NATO preps for a Biden summit and decisions on Afghanistan in early 2021
STUTTGART, Germany — NATO’s top official said Monday that he has invited President-elect Joe Biden to a summit early next year, where allies are expected to decide whether to continue their nearly 20-year-old mission in Afghanistan.
“We face a difficult dilemma,” NATO Secretary-General Jens Stoltenberg told reporters at a virtual press conference. “Whether to leave and risk that Afghanistan becomes once again a safe haven for international terrorists, or stay and risk a longer mission with renewed violence.”
Stoltenberg, who was speaking ahead of two days of talks beginning Tuesday with NATO foreign ministers, said the mission in Afghanistan will join matters such as the challenges posed by Russia and China on the agenda.
The foreign ministers meeting, which will include Secretary of State Mike Pompeo, also likely marks the last major NATO gathering during the administration of President Donald Trump, who has been a frequent critic of the alliance.
Allies aren’t expected to make any major decisions during the final days of the U.S. administration. But during a defense ministers’ meeting in February, allies could decide on the way forward in Afghanistan, Stoltenberg said.
A major NATO summit of heads of state, including Biden, could come soon after that in the early part of the year, he said.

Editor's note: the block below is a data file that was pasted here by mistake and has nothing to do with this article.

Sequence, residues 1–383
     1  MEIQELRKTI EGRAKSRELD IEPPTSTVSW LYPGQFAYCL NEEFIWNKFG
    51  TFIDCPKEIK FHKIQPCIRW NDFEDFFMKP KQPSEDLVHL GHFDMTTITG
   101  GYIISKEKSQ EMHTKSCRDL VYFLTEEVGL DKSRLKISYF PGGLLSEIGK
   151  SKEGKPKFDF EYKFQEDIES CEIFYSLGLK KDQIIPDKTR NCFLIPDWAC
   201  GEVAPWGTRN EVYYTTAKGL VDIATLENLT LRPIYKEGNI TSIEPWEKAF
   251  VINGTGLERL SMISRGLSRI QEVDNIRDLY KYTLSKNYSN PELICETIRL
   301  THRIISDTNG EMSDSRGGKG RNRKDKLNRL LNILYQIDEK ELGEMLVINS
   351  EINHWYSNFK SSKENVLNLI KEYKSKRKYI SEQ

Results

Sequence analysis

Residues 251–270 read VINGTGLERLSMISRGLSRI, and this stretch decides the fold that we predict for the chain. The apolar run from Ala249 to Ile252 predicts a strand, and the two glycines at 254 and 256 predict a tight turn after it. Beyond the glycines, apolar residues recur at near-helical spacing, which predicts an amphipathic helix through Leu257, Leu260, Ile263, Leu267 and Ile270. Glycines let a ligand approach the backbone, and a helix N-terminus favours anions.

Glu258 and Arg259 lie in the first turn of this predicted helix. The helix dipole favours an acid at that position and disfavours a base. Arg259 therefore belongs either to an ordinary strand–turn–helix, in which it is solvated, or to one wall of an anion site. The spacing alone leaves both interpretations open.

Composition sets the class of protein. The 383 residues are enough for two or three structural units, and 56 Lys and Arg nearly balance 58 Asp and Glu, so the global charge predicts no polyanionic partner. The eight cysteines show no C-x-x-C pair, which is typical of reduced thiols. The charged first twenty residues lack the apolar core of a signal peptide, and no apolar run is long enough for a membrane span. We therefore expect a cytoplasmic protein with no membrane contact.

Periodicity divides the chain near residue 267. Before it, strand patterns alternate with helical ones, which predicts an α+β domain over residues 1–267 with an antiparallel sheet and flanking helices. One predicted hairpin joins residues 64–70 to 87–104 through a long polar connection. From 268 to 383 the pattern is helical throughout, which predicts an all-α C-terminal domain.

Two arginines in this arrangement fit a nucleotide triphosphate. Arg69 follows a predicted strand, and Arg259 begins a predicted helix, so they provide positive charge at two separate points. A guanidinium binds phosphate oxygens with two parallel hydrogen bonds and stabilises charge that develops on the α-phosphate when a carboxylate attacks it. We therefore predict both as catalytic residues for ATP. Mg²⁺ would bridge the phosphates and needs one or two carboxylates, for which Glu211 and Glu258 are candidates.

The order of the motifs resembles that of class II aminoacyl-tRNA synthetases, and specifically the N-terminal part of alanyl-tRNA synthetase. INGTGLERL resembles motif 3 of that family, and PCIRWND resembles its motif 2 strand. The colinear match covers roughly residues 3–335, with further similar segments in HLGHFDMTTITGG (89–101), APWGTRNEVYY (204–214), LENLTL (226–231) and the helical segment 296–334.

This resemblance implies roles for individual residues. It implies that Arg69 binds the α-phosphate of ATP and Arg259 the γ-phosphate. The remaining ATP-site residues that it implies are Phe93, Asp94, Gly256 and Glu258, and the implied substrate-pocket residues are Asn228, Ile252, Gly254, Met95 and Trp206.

The talks among foreign ministers this week are unlikely to have immediate implications for the mission in Afghanistan, where Trump has ordered a force reduction that will leave 2,500 U.S. troops in the country. NATO’s mission to train the Afghan military continues despite the U.S. drawdown, Stoltenberg said.
There is still enough American enabling support, such as airlift, intelligence gathering and medical aid, to allow the NATO mission to continue, he said.
Still, it is unclear how long NATO will remain committed to keeping large numbers of troops in Afghanistan. More than half of the 11,000 service members currently in the country are from non-U.S. NATO states and partner countries.
“This will be a hard and difficult decision,” Stoltenberg said. “There is no way to deny that.”
The U.S. reductions come amid ongoing negotiations for a peace agreement between the U.S.-backed Afghan government and the Taliban.
In February, the United States struck an agreement with the Taliban that called for a full withdrawal of forces by May 2021 if a number of conditions were met, such as refraining from attacks on U.S. and NATO troops and cutting ties to terrorist groups.
However, violence in the country persists with regular Taliban attacks on Afghan security forces.
“In the months ahead, we will continue to assess our presence based on conditions on the ground,” Stoltenberg said. “Whatever path we choose, it is important that we do so together, in a coordinated and deliberate way.”